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In the job search process, your cover letter is one of the first indicators of who you are and what you can do. A strong cover letter works in tandem with your CV or resume to paint a picture of why you are the perfect fit for the job you are interested in. But crafting a cover letter that showcases your talents in a way that stands out from the crowd is not always easy. As you get started on your story, here are a few things to consider:
This isn’t the place to go into detail about every position you have ever held. Instead, pick two or three (at most) compelling examples from your work experience that demonstrate that you meet the requirements and key qualifications of the position you are applying for. Think of this as an opportunity to expand on your strongest experiences from your resume rather than regurgitate them.
Customize for different roles
A good cover letter isn’t one size fits all. While you can follow a general template or format, it’s important that your cover letter reflects the job to which you are applying. Whether it’s matching your experience to specific requirements or sharing your enthusiasm for a particular company, you want your interest to shine through to the hiring manager. Also, be sure to include the name of the hiring manager or HR manager at the company — this information is often available through a search online.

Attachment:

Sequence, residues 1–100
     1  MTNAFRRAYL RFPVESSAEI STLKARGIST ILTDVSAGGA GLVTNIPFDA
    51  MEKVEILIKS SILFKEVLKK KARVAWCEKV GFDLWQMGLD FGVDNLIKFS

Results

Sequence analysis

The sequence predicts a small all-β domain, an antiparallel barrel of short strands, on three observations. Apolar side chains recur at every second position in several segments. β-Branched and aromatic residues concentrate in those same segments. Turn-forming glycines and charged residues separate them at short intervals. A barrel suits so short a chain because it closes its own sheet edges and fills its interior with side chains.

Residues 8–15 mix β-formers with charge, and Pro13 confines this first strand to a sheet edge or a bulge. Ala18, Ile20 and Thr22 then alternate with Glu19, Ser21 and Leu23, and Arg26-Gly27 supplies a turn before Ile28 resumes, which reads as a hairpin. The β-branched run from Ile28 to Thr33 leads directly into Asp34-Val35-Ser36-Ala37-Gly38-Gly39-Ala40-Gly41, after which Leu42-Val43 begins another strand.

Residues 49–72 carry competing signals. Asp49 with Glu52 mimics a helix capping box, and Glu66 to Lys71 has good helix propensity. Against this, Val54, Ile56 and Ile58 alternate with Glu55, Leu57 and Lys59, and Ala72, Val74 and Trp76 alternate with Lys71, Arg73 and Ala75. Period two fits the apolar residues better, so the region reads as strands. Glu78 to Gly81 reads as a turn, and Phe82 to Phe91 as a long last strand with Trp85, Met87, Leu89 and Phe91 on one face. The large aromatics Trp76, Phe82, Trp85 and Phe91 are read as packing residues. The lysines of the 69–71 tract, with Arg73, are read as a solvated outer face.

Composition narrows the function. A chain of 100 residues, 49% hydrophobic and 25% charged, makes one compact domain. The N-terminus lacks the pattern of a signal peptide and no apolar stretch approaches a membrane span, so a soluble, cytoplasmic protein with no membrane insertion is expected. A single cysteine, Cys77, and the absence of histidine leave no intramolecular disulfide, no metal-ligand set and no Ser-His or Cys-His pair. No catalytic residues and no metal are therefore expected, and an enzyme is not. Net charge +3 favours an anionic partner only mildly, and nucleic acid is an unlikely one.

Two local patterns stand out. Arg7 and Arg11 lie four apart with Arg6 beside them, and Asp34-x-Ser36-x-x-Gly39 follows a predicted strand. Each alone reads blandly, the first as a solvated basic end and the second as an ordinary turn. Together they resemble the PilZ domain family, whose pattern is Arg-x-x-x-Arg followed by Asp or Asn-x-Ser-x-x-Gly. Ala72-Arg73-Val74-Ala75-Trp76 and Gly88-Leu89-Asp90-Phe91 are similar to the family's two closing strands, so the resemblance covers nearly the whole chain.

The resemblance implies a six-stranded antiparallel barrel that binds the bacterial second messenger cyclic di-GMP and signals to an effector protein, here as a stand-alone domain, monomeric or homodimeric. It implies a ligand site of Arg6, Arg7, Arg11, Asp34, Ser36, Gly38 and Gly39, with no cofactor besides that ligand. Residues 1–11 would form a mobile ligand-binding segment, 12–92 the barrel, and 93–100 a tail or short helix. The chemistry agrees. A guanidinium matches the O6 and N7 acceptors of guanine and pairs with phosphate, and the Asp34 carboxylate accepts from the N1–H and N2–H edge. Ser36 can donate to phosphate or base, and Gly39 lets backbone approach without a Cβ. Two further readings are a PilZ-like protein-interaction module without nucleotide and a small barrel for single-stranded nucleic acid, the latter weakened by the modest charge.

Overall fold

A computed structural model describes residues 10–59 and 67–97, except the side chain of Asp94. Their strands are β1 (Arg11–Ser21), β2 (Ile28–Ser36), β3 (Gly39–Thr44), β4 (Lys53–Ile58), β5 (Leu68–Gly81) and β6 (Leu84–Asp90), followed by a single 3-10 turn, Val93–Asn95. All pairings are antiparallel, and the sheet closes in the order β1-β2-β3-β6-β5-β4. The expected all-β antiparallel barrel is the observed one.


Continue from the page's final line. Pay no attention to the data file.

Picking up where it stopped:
Leave clear contact details
By the time a recruiter or hiring manager gets to the end of your cover letter, it should be clear exactly how they can reach you if they are interested. Use the same header for your resume and cover letter to have your contact information front and center (think of it as a letterhead) and include contact information in the final paragraph of your letter.
Share important logistical details
When looking for jobs in the International Development sector, you may be drawn to positions in another state, country, or even continent. If you’re looking for a job that’s based outside of where you are, signify your willingness to relocate or travel so the recruiter has a more complete picture to work with.
Be prepared to follow up
For every position that is listed publicly, you can imagine how many submissions recruiters must receive. If you don’t hear back within two weeks, don’t be afraid to follow up with a call, an email, or a LinkedIn message. Again, keep this brief and to the point. Your goal is to remind the recruiter of who you are and draw attention back to your application. If between the time you submitted your application and your follow-up there are additional details that could support your application, this could provide an opportunity for you to share that.